Monday, 14 February 2011

Movie Review: Milk (2008)


The film biography of gay rights activist Harvey Milk is an inspirational story of one man's courage, strength and tenacity in the face of seemingly overwhelming forces.

Picking up the story when Harvey turns 40 years old having achieved nothing in life, Milk recounts the years between 1970, when Harvey moved from New York to San Francisco, and 1978, when he was assassinated along with the Mayor at City Hall.

Upon arrival in San Francisco Harvey and his partner Scott Smith (James Franco) settle in the Castro neighbourhood, which quickly morphs into the magnetic focal point of gays from around the world. Harvey's outspokenness for gay rights and the rights of all minorities soon elevates him to the status of unofficial mayor of Castro, and he gathers around him a group of dedicated activists. He also meets and mentors Cleve Jones (Emile Hirsch), who would go on to become a prominent campaigner for the rights of AIDS victims.

Harvey takes a run at public office on several occasions, and repeatedly fails to get elected; the constant electioneering takes its toll on his private life, and Smith leaves him. Anti-gay sentiment is meanwhile sweeping across America, with local laws protecting the rights of gays being defeated in many jurisdictions. In 1977 Harvey finally wins a seat as a San Francisco Supervisor, and becomes the first openly gay man elected to public office in the United States.

In the last year of his life, Harvey Milk faces his three biggest battles: Proposition 6 is on the California ballot, and if passed it will force the firing of all gay teachers in the state; Harvey's partner Jack is becoming increasingly unstable and difficult to manage; and Supervisor Jack White is a political rival who becomes ever more erratic. One of these challenges ends in a great triumph: the other two in utmost tragedy.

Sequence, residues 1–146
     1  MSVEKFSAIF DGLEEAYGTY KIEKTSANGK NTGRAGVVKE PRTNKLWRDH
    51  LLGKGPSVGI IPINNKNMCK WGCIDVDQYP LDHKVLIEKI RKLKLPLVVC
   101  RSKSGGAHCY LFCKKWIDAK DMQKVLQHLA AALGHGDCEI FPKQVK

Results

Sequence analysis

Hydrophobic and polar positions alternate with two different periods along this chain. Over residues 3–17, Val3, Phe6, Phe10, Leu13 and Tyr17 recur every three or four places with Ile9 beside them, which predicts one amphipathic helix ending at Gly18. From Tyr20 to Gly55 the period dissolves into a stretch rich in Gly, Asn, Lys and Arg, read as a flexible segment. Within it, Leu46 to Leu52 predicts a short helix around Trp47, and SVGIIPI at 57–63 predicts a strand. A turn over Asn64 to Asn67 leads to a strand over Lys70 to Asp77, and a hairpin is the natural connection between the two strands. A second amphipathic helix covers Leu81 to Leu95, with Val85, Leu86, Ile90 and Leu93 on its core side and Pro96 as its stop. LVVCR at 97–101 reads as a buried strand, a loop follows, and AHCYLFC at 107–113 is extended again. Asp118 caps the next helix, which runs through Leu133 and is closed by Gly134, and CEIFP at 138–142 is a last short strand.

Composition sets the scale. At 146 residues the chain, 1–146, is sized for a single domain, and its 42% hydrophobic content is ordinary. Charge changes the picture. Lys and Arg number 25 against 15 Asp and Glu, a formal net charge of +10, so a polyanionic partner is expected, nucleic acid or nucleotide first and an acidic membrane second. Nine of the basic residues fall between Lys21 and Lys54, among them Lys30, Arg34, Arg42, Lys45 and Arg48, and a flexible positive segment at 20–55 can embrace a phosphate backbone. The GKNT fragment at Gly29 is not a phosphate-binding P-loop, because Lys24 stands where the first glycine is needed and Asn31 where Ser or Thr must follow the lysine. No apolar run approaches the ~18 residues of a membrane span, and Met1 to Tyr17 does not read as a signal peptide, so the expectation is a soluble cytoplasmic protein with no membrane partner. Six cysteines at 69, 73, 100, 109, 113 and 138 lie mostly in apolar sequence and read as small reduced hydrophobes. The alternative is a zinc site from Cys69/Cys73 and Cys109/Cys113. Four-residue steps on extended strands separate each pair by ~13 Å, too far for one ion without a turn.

Sean Penn delivers a tour-de-force performance as Harvey Milk, capturing a man publicly confident about his position in life, embracing the leadership role that history selected for him, while privately tortured by the consequences of failure.

Through the struggles of Harvey's life director Gus Van Sant seamlessly presents the broader story of the early battles that gays had to fight to gain equality and basic human rights. It's an eye-opening, sometimes sickening tale of wide-scale high-level fear-mongering, abuse and dehumanization taking place in a supposedly enlightened United States.

Missing from Milk is any meaningful portrayal of the first 40 years of Harvey's life. We just gets his assertion that he achieved nothing to that point. Some understanding of his upbringing and the events that shaped him into the man that he became would have provided better character rounding.

The chronicle of Harvey Milk is ultimately the story of those rare men who embrace a unique role to define and shape the course of history through peaceful means against impossible odds, often at great personal cost. In an age when seeking instant personal gratification is the rule and violence is celebrated, it is a tale not told often enough.






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